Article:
When talking about the Cambrian Explosion, the focus is usually on the abrupt appearance of bilaterian animal phyla with their distinct body plans, which has been called a Big Bang of life. However, the Cambrian Explosion is not restricted to these animals. As I have shown in previous articles, non-bilaterian animals like true sponges and jellyfish also first appeared in the Lower Cambrian (Bechly 2020, 2023). Today we will have a look at a largely ignored part of the Cambrian Explosion. That is the abrupt appearance of several major groups of protists (Lipps 1993, Wikipedia 2023).
Radiolarians represent an important group of marine zooplankton with beautiful siliceous mineral skeletons that were famously featured in wonderful drawings by the German pioneer Darwinist Ernst Haeckel. Their oldest fossil record is from the Earliest Cambrian (Ediacaran-Cambrian boundary) to Middle Cambrian of China (Braun et al. 2007, Maletz 2017, Chang et al. 2018, Zhang & Feng 2019, Zhang et al. 2021). Thus, they appear right together with the Cambrian Explosion of animal phyla.
Foraminiferans are amoeboid marine protists, which mostly live in the seafloor sediment and have a calcium carbonate skeleton. Their oldest uncontroversial fossil record is again from the Early Cambrian (e.g., Culver 1991, McIlroy et al. 2001, Streng et al. 2005). Pawlowski et al. (2003) therefore concluded that “Fossil Foraminifera appear in the Early Cambrian, at about the same time as the first skeletonized metazoans.” More recent evidence for late Ediacaran foraminiferans suggests that this group may have originated already with the Avalon Explosion rather than the Cambrian Explosion (Gaucher & Sprechermann 1999, Hua et al. 2010, Pazio 2012, Chai et al. 2021), but even Hua et al. (2010) admitted that “the oldest unambiguous foraminifers are from Early Cambrian Atdabanian Stage strata.” Possible testate amoebae and possible foraminiferans (Rhizaria) have even been reported from 716-635 million-year-old carbonate rocks in Namibia and Mongolia, which date to a time right after the Sturtian glaciation of the Cryogenian “Snowball Earth” (Bosak et al. 2011, 2012, Parry 2011). However, these determinations are only tentative and far from established. At least the tintinnid determinations in the same work have been strongly disputed by Lipps et al. (2012) (see below).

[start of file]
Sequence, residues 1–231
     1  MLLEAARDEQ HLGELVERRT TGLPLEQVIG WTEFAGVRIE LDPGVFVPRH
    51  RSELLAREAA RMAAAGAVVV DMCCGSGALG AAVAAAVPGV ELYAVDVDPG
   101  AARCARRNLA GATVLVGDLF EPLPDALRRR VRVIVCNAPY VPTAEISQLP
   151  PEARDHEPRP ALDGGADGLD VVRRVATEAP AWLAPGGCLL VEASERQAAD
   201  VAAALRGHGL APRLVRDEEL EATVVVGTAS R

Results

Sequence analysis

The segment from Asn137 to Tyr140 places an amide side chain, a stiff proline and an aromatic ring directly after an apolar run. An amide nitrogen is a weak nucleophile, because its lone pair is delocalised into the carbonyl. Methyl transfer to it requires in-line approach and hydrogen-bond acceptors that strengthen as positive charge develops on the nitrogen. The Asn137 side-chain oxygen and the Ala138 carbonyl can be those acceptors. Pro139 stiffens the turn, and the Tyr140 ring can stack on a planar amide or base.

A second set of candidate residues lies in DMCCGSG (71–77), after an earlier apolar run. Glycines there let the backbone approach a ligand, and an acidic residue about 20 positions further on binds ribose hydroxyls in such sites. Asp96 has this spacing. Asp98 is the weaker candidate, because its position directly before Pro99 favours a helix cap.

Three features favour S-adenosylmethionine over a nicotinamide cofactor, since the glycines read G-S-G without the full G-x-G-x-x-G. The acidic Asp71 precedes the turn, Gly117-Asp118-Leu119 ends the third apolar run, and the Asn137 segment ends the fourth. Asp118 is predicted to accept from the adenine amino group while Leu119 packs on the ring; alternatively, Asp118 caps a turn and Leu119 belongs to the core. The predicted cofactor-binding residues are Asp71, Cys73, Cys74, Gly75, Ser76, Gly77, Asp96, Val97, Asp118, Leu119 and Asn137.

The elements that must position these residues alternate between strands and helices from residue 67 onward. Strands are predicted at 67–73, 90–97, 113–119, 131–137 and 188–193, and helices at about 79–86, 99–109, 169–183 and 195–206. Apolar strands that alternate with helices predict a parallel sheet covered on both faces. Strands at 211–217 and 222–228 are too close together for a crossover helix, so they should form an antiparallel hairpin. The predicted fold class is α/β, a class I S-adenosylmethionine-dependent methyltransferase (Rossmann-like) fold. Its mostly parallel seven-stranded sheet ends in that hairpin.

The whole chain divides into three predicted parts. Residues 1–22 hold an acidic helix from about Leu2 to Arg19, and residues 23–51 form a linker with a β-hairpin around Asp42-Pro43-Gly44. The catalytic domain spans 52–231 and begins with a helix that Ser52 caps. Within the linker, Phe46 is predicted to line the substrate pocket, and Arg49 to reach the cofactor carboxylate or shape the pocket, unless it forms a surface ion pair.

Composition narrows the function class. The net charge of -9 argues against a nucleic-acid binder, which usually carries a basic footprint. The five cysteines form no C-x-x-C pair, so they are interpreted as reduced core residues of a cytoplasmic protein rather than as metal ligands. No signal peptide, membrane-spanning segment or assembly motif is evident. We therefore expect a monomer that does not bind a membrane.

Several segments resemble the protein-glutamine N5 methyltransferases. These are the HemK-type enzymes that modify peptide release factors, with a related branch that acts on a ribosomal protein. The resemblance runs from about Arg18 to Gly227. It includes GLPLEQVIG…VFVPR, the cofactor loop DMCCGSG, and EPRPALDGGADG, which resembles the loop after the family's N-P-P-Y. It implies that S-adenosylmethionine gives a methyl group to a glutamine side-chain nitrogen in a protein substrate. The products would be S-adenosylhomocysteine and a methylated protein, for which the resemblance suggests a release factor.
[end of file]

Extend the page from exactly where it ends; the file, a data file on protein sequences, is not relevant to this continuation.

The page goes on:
Dinoflagellates are another important group of planktonic protists. Even though the oldest fossil dinoflagellates are known from middle Triassic sediments, there is indirect evidence from geochemical markers that these protists also first appeared in the Lower Cambrian period (Moldowan & Talyzina 1998).
“Darwin’s Dilemma Still Holds”
Other groups of protists appeared at other periods in Earth history, but they also originated abruptly without gradual transition from assumed precursors. For example, diatoms suddenly appear in the fossil record of the Early Jurassic about 182 million years ago (Kooistra & Medlin 1996, Bryłka et al. 2023). Coccolithophores (Hapotophyta), which form the chalk of the famous White Cliffs of Dover, appear at the Norian-Rhaetian boundary about 208.5 million years ago (Gardin et al. 2012). Uncontroversial tintinnids (Ciliata) are first recorded from Upper Triassic to Lower Cretaceous sediments, while several alleged Proterozoic records about 1.600-580 million years ago as well as Paleozoic records are all very doubtful and disputed (Lipps et al. 2012). Lipps et al. (2012) commented that “no solid evidence of Proterozoic tintinnids or other ciliates comes from the Precambrian rock record. Darwin’s dilemma of the lack of fossils for this ancient age (Schopf 2001; Knoll 2004) therefore still holds for at least the ciliates. If there are tintinnid fossils from this ancient time, they have yet to be discovered.”
Not even the tiniest and most abundant organisms seem to confirm the gradualist predictions of Darwinian evolution. Whenever empirical data from the actual fossil record are used to test this crucial part of the theory, it simply fails. Since gradualism is strongly refuted by the evidence, the theory must be false, because even Richard Dawkins, arguably the most ardent modern popularizer of Darwinism, clearly stated in his bestselling book The Greatest Show on Earth (Dawkins 2009) that “evolution not only is a gradual process as a matter of fact; it has to be gradual if it is to do any explanatory work.” Clinging to a refuted paradigm, in spite of the accumulated conflicting evidence, is not science but rather irrational dogmatic belief.
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